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"SdKfz 2 Kleines Kettenkraftrad".

Operating a Kettenkrad.

   (Ver 3)

 



Variants.

The full offical title for the vehicle is: "Sonder Kraftfahrtzeuge 2 Kleines Kettenkraftrad HK101"
unsurprisingly this was abbreviated to "Kettenkrad" in normal use.
Kettenkraftrad in English is "Chain motor bike" but a translation would be "Tracked motor bike".
Pronounciation for a non-German speaker of Kettenkrad =
  Ket - as in kettle
  ten - as in the number 10
  kra - as in kraft - but gutterally.
  dt - as in the letter "d" and the letter "t" combined, with both being pronounced in a similar way as applied to the "ft" in "kraft".

There are 3 documented variants:

1)  The standard SdKfz 2 with or without a trailer. (One trailer for every 2 Kettenkrades.)

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A typical standard Kettenkrad, early production.


2)  The SdKfz 2/1 Kleines Kettenkrad für Feldfernkabel - which carried a frame to mount a field telephone cable.

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This is the "light" (as in weight) phone cable version!

3)  The SdKfz 2/2 Kleines Kettenkrad für schwere Feldfernkabel - again with a frame, but a much heavier built version for heavier cable.

Does anyone have a photo of this version that I can use?

"Kleines" in the title means small or little. Where there is a "small" you would expect to find a "large" = "Große" in German. There is a picture in existance of a Kettenkrad, which is longer and has one more set of road wheels (5 on each side instead of four). You can't see much detail in the picture, only the extra wheels and two persons sitting behind the driver, facing forward. This was the only known picture of the "Große Kettenkrad" HK 102. NSU built only some prototypes and not a single vehicle survived the war.

But, strange things do happen and just into the 21st century some construction work was taking place at the site of a German army barracks and they hit something. The something turned out to be a Große Kettenkrad! Within 6 months it was fully restored and driving. This find included some surprises, the fact that the vehicle was wider than a normal Kettenkrad (body overhang, not tracks set wider apart) and that it was fitted with a German Ford V8 engine.
The extra 2 seats were really only cushions at the back of the fuel tanks, the passenger's legs went between the engine and the operator.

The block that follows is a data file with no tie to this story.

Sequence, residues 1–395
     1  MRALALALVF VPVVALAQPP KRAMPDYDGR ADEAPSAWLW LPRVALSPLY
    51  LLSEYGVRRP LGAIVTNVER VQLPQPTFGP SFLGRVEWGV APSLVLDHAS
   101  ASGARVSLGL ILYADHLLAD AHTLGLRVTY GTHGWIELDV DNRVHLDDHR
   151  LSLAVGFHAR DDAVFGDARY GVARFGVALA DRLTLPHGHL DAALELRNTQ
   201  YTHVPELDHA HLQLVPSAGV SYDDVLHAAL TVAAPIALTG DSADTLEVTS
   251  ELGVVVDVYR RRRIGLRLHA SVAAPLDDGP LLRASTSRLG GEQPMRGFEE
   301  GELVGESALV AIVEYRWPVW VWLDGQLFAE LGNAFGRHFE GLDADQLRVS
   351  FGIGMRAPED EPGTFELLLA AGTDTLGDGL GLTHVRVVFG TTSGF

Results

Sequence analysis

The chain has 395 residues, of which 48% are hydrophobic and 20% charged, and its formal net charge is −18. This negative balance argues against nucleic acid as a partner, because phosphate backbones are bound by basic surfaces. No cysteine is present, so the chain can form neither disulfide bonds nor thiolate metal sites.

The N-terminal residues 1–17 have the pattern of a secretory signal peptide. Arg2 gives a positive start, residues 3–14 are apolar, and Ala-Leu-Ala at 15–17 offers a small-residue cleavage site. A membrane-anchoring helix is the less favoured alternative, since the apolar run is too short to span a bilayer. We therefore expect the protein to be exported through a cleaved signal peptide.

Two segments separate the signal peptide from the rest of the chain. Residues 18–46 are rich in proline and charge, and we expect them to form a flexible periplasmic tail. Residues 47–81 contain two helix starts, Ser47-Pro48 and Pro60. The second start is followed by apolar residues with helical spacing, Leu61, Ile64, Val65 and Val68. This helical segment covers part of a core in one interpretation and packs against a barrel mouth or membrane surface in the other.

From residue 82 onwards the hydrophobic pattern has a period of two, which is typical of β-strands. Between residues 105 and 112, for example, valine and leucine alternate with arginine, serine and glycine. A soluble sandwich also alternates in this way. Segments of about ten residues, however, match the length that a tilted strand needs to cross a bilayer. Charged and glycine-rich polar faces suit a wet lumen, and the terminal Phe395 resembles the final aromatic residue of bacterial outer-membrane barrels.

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The Grosse Kettenkrad.




Lastly, I have come across a photo of what appears to be a "Fitter's" vehicle (as it would be called these days in English), essentially this is a mechanic's service vehicle and carries tools and equipment necessary to maintain vehicles in the field. I have no idea if what is shown in the photo below is a field modification or if it was a factory product that was never documented. The storage locker that has been installed in place of the back seat is actually the upper works of the abandoned remote controlled Kettenkrad. That concept eventually became a vehicle called the "Springer".

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The mystery Fitter's version.


Of course, there were prototypes of variants that never went into production, such as an anti-aircraft version where the rear seat was set further back, but elevated and facing forward. A gun mount for an MG-42 machine gun was fitted immediately behind the engine cover.

If you study the 2 vehicles below, supposedly of the prototype you will notice that they are actually 2 distinctly different vehicles.
The upper one has the spoked front wheel, spoked inner wheels and spoked idler. The lower one has the characteristic solid front wheel but non-standard inners and idler. Note the prominent cutout in the rear panel. Perhaps this is a pre-production version?

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Prototype.




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Pre-production?




Note: Beware of what you see in museums and be especially wary of restored vehicles. There has been a great deal of artistic licence applied to many of these vehicles in that they have machine gun mounts on them, brackets for every conceivable weapon and accessory. Likewise markings: as Andreas has said to me "Kettenkrads were mostly unmarked other than military number plates: unit markings were not normal, the iron cross was specifically "verboten" (forbidden) on Kettenkrades".

Which isn't to say it didn't ever happen - as an example you would be unlikely to find a Luftwaffe Kettenkrad (typically used as an aircraft tug) carrying any markings other than its registration number. Vehicles as small as a Kettenkrad were painted only one colour, a camoflage scheme was not the norm - despite the number of vehicles that are now seen wearing camoflage schemes.

It is generally accepted that camoflage schemes only become effective on vehicles of car size and larger. Camoflaging smaller vehicles is actually detrimental as the subject is too "busy" and this attracts the human eye. To be done effectively would mean 1/3 to 1/2 of the vehicle in one colour and so on. Nobody seems to be able to resist the temptation to scale down the pattern from a larger vehicle. Likewise, wheels should never be camoflaged unless the vehicle is not intended to move - a rotating camoflaged object is unnatural and immediately attracts the eye.

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